This is the first long-term (more than 10 years) prediction model focusing on both psychophysically dependent status and death at the same time in community-dwelling older adults. Psychophysically dependent status requiring long-term nursing care is a heavy burden for older adults, their family members, and public health. Furthermore, a prediction focusing only on dependent status or dysfunction would miss the extreme dysfunction, that is death. If a medical treatment that can reduce the morbidity increased the mortality, the treatment would not be acceptable. Therefore, our composite outcome, dependent status or death, is relevant for the prediction model of high-risk persons.
The predictability of our model was similar to the previous models that predict death or dysfunction [6, 7]. In general, age is the dominant factor in such kind of prediction models with the participants of wide age range because the death and dependent status strongly depended on the age . Therefore, the predictability of our model with the participants of the same key age can be substantially good when we compare our model with former models constructed by the participants of wide age range. However, the variables used in our final models were somewhat different to those of previous models. The variables of lifestyle such as eating and sleeping habits were included in our model, which were modifiable by the persons’ will. On the other hand, the variables often included in previous prediction models, such as a medical history of cancer and cardiovascular diseases, were statistically eliminated from our models. We consider that this is because the participants of our study are all community-dwelling 64-year-old people who are younger and healthier than those of previous studies, and the prevalence of these diseases was too low to detect any associations with the study outcome.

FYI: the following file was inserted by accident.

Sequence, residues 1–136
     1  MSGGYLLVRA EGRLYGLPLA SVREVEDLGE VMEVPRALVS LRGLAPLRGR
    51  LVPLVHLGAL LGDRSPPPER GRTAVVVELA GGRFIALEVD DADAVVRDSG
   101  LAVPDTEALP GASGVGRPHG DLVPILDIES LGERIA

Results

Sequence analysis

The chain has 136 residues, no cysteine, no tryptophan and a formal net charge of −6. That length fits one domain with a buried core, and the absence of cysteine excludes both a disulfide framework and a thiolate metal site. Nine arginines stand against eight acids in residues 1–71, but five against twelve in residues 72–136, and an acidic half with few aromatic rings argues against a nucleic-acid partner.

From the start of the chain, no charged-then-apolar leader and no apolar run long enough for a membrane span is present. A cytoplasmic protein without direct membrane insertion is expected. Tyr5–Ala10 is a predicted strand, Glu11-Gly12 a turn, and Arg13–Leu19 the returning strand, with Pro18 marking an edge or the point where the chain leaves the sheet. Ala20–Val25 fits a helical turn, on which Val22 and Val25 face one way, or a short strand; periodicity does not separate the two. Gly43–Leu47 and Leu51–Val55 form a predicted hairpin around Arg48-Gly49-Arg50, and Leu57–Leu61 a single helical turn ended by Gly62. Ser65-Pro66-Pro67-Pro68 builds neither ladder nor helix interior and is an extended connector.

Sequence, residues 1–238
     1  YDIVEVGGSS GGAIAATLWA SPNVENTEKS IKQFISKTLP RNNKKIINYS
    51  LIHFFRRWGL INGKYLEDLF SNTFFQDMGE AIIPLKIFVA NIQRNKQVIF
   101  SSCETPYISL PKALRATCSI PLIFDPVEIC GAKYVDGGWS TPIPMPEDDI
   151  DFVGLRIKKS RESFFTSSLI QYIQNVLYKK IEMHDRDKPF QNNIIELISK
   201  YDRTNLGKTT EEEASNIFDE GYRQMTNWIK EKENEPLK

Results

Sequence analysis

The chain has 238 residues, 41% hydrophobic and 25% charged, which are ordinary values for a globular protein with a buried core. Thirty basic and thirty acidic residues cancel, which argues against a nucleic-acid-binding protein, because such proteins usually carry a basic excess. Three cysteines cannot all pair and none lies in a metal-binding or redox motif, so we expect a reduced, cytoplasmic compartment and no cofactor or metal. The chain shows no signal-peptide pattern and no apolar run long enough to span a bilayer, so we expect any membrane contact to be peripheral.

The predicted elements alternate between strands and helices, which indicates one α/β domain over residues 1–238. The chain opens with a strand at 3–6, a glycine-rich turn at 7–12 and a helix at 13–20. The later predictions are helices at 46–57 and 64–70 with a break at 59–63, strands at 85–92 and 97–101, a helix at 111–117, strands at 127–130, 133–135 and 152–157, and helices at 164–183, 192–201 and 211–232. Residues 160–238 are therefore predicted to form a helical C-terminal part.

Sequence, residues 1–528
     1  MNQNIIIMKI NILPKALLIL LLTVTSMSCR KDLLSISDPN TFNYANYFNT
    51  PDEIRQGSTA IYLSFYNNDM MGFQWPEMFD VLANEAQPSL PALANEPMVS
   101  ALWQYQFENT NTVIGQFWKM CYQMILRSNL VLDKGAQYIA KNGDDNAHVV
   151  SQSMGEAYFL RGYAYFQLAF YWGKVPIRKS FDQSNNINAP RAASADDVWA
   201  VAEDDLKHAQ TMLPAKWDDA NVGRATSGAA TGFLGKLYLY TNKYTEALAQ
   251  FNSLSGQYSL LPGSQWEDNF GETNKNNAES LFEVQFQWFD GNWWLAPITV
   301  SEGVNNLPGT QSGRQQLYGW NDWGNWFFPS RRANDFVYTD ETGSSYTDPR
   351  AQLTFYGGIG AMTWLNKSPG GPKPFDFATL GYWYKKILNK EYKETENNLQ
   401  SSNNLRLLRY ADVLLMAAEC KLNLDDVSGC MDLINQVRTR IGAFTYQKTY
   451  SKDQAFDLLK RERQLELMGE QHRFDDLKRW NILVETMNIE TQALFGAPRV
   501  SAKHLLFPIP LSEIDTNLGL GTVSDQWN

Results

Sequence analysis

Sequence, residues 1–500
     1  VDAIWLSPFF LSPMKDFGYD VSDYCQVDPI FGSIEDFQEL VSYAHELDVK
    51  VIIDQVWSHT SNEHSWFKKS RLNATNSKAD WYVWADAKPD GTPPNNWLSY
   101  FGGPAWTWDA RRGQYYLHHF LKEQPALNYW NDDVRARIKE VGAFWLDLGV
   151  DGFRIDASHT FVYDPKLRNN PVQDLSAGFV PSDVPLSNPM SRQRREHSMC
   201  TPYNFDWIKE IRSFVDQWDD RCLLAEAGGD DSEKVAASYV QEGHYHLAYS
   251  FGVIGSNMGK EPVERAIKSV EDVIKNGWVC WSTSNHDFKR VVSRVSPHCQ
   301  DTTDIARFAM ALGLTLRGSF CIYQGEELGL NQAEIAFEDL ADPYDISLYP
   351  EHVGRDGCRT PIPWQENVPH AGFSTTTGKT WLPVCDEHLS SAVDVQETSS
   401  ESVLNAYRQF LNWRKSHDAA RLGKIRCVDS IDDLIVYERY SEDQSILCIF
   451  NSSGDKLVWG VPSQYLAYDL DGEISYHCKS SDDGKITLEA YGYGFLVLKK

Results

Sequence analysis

Interestingly, social factors such as marital and educational status were well associated with the outcome in men. It has been previously reported that living alone and eating alone would increase mortality, especially in men [30,31,32]. Marital status was also reported to be associated with frailty . Older men who are divorced/widowed/never married often live alone or eat alone, and these living states might induce unhealthy lifestyle and evoke adverse outcomes. In contrast, a high educational status would lead to a higher pension income, which could help assure routine disease screening and early treatment in men, the typical breadwinner of a family .